I want to share a conversation about aging and sex I had with a friend and former lover. We were discussing intimacy and sensual touch in light of a "failed" attempt at making love. It failed if the definition of sex is intercourse. There was a moment of laughter when things didn't go quite as expected before we blissfully settled into each other's arms.
If we had been in our early 20s, it might have been a different story. I might not have known how to handle his flagging erection. And I certainly wouldn't have been bold enough to take matters into my own hands. His laugh would have reflected awkwardness and shame or embarrassment. At twenty I didn't know that sensuous touch provides a sort of pleasure that lasts longer, and provides deeper satisfaction, than a robust round of intercourse.
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Maturity has its benefits and a strong relationship, of any type, benefits from the ability to openly discuss sexuality. His inability in that moment was just a passing thing. It's part of getting old, of coping with the unexpected, the unpredictable, and being flexible. When things shift in our bodies or level of desire we need to be able to discuss them openly without fear of judgment. Because as a couple you need to find a way to move forward sexually even when stamina diminishes and arousal needs a little jumpstart.
I often write about arousal tools—sex toys, mental preparation, erotic stories, lubricants—but the most important factor in coping with changes in sexuality as we age is to have a strong connection with one's partner. Struggling in silence leaves your partner out of the equation, which calls into doubt how strong a partnership you really have. The shifting dynamic can lead to all sorts of tension. When things didn't turn out as expected for my friend and I, we talked.
The conversation, initiated by him, was a check-in of sorts. Did I understand why he laughed? Did I know how wonderful it felt to lie there with me? He asked if there was anything more he could have done for/to me. And we talked about touching as a vehicle for expressing desire, love, contentment and acceptance. It was a conversation about how we convey love and intimacy in sexual relationships.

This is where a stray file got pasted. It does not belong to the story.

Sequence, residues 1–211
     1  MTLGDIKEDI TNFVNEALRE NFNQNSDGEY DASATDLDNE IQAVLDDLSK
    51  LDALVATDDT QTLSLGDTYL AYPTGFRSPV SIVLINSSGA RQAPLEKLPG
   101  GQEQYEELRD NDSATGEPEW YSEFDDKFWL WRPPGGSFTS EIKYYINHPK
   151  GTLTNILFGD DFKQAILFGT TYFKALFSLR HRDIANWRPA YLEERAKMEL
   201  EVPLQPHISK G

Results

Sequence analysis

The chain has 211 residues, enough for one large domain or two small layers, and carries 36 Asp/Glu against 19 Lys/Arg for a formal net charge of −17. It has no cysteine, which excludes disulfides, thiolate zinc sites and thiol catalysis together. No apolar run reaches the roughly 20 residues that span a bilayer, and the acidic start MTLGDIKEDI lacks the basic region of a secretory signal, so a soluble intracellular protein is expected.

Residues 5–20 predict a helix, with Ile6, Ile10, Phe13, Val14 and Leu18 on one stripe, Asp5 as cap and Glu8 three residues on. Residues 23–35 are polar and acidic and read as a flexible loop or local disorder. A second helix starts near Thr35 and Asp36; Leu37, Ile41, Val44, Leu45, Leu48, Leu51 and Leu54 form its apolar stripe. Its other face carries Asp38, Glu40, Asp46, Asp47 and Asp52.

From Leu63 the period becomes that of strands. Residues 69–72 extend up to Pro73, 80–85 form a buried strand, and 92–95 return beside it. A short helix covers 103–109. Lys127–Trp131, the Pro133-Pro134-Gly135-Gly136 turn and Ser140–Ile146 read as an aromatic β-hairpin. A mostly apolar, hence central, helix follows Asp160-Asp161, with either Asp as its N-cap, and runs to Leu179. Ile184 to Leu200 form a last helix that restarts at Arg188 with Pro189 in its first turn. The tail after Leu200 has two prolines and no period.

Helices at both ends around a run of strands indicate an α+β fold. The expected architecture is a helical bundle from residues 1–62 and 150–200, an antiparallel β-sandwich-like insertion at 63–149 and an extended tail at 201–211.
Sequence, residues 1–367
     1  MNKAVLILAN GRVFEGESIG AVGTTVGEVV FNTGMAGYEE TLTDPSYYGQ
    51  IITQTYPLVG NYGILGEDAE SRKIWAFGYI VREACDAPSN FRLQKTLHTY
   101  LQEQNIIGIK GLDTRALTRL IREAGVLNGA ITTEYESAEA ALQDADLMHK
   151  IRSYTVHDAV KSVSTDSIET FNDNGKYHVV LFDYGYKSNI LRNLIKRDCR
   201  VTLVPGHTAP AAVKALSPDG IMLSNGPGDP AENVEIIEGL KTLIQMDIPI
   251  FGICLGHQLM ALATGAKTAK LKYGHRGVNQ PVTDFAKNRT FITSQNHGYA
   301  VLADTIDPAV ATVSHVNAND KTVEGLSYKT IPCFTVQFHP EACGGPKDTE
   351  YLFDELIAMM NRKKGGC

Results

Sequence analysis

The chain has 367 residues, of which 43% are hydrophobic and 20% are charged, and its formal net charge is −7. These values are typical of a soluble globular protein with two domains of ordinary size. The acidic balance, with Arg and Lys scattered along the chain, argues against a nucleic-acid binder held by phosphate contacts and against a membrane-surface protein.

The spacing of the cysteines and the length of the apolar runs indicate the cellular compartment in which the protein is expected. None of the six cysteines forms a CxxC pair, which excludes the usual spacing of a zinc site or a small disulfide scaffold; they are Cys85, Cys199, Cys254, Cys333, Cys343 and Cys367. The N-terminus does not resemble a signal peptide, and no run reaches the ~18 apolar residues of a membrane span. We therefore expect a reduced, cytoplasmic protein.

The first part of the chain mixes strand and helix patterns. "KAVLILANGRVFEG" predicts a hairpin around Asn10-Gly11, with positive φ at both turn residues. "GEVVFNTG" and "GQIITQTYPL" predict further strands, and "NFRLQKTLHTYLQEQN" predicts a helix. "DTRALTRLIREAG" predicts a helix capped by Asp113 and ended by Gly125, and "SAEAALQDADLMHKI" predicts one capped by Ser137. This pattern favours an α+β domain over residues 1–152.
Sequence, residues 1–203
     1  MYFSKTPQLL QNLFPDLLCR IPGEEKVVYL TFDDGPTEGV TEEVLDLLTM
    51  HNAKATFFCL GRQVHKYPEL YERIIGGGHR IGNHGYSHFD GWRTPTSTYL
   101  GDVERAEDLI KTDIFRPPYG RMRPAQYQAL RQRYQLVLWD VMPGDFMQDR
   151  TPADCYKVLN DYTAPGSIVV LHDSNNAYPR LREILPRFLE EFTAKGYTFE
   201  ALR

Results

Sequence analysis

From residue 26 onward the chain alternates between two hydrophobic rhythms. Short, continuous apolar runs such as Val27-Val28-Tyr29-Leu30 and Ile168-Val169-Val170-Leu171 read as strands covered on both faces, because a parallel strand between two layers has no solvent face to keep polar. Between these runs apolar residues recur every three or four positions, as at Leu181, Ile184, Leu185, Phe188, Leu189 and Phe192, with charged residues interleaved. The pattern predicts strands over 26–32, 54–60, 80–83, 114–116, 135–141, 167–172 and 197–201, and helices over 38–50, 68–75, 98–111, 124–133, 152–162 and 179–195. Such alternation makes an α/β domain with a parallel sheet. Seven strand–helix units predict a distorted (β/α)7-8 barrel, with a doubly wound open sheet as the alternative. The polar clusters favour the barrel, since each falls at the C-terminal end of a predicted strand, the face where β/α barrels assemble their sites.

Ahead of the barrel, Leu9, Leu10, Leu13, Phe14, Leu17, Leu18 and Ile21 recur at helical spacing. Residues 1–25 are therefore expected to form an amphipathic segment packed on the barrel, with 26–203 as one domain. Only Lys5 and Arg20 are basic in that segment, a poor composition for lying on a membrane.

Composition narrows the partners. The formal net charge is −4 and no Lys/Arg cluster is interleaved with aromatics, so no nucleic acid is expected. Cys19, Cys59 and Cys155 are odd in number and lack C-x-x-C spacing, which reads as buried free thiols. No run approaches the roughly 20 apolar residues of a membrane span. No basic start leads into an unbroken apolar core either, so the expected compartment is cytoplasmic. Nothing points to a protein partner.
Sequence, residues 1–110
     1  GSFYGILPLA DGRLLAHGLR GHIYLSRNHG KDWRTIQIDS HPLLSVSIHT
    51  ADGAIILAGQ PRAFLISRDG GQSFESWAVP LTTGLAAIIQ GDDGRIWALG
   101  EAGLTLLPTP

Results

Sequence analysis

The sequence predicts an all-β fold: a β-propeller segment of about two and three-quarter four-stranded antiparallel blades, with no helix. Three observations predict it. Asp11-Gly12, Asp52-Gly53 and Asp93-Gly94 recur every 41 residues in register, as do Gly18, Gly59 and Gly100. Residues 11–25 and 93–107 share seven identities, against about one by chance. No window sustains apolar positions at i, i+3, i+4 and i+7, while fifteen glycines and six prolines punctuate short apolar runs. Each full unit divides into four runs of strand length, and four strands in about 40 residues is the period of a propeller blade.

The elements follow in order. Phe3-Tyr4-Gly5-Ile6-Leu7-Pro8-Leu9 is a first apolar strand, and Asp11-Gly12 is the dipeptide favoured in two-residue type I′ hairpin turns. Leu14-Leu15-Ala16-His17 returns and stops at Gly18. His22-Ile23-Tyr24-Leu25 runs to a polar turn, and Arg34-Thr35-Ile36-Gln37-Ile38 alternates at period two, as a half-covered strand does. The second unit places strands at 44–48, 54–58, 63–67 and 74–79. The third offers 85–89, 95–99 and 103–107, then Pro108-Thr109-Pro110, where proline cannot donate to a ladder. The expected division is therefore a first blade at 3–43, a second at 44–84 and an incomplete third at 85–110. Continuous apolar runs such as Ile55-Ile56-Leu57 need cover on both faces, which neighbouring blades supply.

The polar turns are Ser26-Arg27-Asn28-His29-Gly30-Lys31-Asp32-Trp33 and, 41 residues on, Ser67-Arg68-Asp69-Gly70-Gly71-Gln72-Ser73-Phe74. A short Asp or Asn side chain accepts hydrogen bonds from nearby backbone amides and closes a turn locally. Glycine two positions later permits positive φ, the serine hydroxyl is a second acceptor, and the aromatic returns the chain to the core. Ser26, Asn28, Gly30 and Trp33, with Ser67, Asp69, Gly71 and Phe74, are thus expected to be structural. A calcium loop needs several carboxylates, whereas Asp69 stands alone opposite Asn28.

What we didn't talk about was why his erection failed. I didn't analyze it or make up that he found me unattractive or was turned off. My senses told me otherwise. We didn't talk about Erectile Dysfunction or rush to look up common medications. Instead we discussed the beauty of spontaneity and the wide range of ways people can bring pleasure to each other.
The issue could just have easily been mine. As a post-menopausal woman I might have experienced vaginal dryness. Or I might have felt it took too long for me to become aroused. I could have felt uncomfortable about the changes in my aging body, measuring my looks by those of magazine models.
We are all going to experience changes that have a direct or indirect impact on our sex lives. There are things we can do to improve and maintain our physical and emotional health, but aging with all its challenges (and joys) is inevitable. One of the best ways to maintain a satisfactory intimate life is to strengthen your relationships now.
Walker Thornton is a writer, sex educator and public speaker, with a Masters in Educational Psychology and over 10 years experience in the field of sexual violence against women. She is a strong advocate for midlife women’s sexuality, encouraging women to ‘step into their desire’. Kinkly.com ranked her blog, WalkerThornton.com, #17 in their top 100 Sex Blogging Superheroes of 2013. Walker is the Sexual Health columnist for Midlife Boulevard and writes about sex and the older adult for Kinkly.com. You can connect with her on her website (www.walkerthornton.com ), Facebook (https://facebook.com/AWomansPage ) Twitter (http://twitter.com/WalkerThornton) and Google+ (https://plus.google.com/u/0/+WalkerThornton/posts ).